He tries to defend it by saying he’s not in the USA, and where he lives it’s culturally OK. That may be, but that doesn’t make it right. There’s a place in the USA (Massachusetts) where it’s legally OK for an adult to marry a twelve year old, but that doesn’t make it right.
Then he goes onto personally attack me:
I respond with a couple bullet points of my resume and Pete says that he’s never heard of me. This is very interesting because he just made a lot of statements about my show. How could you make the above statement if you know nothing about me?
So which is it Pete, do you know about me or not?
When I asked him to explain his statement, the confirmed he had no idea who I am. That’s when I asked him:
He then says he never made any statements about my show. That’s when I quoted his statement about me copying other people and then here’s the exchange that followed:
FYI: he lives in the UK, which has libel laws that are much more strict than in the USA.
His only response to me asking why he felt the need to make up stuff about me was to try to bully me.
This is the problem with trying to crowdsource advice on the internet. You can get advice that’s not very good. Then the people giving that poor advice aren’t exactly people you’d want to take advice from.
The bigger point is that we all should try to be better. Things that were OK in the past may not be OK now. Look at it this way, if you don’t objectify women in your show, no one is going to see the show and say, “I didn’t like how the magician chose to not comment on that preteen’s look, I’m not going to hire them for my event.” However there are people who will see the show and chose not to book you because of how you objectified a child.
Many years ago I bought a trick in a bin of discount magic that was a change of a spoon to a fork. When I opened the package, I thought it was garbage, and as written in the instructions, it really was garbage. Then I started presenting this as a transposition between and fork and a spoon and it played much better. It’s a real fooler for audiences.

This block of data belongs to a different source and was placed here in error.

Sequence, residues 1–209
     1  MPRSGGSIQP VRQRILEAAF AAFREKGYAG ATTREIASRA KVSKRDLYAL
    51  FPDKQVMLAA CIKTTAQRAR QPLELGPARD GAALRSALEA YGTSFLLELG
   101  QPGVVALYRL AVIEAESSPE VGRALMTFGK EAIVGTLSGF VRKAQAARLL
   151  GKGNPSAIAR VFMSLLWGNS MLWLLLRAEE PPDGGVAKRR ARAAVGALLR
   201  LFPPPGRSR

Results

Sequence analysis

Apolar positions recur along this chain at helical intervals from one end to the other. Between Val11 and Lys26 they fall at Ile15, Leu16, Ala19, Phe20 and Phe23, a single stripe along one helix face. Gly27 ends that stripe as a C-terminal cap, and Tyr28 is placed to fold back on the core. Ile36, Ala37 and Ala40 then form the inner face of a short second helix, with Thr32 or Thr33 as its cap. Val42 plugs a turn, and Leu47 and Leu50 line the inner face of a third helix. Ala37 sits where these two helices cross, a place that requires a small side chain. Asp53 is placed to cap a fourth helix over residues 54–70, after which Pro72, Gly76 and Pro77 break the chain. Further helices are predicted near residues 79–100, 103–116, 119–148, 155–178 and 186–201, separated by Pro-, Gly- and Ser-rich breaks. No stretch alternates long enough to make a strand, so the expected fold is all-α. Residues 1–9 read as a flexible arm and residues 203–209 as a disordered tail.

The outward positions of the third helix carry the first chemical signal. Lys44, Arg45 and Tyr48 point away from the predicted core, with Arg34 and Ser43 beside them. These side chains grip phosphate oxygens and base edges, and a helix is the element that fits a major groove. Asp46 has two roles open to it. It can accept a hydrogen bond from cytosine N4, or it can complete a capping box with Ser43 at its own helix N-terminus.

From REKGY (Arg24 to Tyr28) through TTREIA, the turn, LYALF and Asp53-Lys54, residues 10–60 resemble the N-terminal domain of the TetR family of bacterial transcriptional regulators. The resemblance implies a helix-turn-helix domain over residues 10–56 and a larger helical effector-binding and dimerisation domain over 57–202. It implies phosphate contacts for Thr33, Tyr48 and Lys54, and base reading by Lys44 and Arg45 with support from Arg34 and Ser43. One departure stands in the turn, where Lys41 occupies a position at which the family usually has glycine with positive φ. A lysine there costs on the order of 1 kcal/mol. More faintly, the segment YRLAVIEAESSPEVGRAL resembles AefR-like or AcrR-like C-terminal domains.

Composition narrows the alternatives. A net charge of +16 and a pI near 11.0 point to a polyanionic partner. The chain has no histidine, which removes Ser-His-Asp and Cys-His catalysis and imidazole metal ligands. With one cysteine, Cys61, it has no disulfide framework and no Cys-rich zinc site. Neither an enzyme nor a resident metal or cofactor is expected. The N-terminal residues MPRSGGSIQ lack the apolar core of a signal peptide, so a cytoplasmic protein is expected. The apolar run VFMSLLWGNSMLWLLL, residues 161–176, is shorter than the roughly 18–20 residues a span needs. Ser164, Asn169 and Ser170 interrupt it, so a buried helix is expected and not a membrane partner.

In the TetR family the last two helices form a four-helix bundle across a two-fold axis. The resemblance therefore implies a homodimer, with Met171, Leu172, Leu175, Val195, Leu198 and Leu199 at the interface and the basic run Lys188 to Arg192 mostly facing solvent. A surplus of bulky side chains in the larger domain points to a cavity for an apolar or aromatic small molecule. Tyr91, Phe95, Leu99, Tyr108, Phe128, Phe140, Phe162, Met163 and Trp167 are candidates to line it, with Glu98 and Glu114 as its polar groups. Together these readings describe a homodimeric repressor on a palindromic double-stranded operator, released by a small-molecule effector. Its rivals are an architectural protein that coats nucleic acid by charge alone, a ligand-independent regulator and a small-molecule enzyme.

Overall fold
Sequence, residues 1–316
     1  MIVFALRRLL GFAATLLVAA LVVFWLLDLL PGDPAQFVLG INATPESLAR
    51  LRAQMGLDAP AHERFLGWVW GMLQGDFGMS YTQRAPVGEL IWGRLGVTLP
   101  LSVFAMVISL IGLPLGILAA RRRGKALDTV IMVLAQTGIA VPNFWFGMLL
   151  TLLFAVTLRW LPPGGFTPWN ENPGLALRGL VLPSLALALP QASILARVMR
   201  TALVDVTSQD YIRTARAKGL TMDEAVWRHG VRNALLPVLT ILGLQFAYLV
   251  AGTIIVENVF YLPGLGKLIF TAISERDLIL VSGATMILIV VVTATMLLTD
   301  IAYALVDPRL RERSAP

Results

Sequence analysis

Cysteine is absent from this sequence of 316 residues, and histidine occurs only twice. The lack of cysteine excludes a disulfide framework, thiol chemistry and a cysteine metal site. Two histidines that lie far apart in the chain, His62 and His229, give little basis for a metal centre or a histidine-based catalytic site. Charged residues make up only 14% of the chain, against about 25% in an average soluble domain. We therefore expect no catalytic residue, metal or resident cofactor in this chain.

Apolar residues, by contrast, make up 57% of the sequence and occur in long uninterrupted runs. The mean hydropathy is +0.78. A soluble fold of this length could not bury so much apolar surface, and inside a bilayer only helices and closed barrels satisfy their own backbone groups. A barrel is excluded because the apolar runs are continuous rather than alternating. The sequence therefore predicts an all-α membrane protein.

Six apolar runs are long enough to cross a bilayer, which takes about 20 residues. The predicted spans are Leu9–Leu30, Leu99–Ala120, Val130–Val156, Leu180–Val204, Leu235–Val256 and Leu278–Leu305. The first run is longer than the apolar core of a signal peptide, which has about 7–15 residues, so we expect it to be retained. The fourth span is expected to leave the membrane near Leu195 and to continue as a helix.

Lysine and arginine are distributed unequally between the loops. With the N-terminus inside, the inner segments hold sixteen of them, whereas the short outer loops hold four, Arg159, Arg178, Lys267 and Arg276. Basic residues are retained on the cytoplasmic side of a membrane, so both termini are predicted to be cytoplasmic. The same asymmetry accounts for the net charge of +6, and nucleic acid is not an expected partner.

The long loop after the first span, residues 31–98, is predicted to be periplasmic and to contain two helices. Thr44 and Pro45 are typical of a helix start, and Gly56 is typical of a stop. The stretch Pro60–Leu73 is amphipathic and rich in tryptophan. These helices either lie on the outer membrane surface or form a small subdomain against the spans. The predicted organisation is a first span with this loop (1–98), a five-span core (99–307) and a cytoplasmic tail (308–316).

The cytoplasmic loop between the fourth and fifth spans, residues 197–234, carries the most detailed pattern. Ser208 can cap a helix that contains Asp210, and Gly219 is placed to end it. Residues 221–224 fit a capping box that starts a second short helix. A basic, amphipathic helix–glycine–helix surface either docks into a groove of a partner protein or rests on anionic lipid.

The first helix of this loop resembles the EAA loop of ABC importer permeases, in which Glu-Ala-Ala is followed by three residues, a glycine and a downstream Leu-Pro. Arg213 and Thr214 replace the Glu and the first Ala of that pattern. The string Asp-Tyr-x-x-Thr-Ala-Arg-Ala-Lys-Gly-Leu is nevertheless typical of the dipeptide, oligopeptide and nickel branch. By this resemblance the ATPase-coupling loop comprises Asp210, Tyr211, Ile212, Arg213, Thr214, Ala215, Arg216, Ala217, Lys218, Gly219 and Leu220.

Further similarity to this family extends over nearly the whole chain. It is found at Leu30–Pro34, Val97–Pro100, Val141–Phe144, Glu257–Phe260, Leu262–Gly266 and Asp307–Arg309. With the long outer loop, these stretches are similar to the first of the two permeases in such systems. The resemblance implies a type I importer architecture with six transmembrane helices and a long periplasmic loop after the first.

This trick has basically lived in my preshow for years, but never made it up into the main show. It was missing something. I ran the trick through a workshop group I’m in and they all thought it needed a surprise ended. They were pulling for a spork, which is funny, but I think it lacks visual contrast from a spoon or fork as an ending.
Here’s what I came up with yesterday:
I do like the surprise of the knife. Now the routine needs to be fleshed out a bit more and performed for an audience a bit and we’ll see if it goes anywhere…
One thing I hate when performing is forgetting or mispronouncing an act’s name if I have to introduce them. Recently a show I was performing on had an performer whose stage name wasn’t the name I knew them by, and the stage name was unusual.
To make it easy, I put a cheat sheet on my table:
You’ll notice the name is spelled out phonetically. That helps me read it at a glance. It really makes a difference, rather than seeing how they spell it and trying to figure it out.
After one of my shows yesterday at the fair I’m performing at, I had a guy tell me something interesting after the show. He was a caterer and has worked with a lot of local performers, so he’s seen some magicians, and told me that. The caterer told me that my product wasn’t a magic show, it was my personality.
I 100% agree with his assessment and that’s the goal with the show. It’s not about the tricks, while they are important and I select them to hopefully move the story of my personality forward. What I’m selling is how I work, not what I work with.
Some magicians live on the the tricks that they do and that’s an easier route than trying to live on your personality. One of the hard things is when people don’t like your show, that directly means they don’t like you. Where if you do an effect driven show, if they don’t like the show they don’t like the tricks.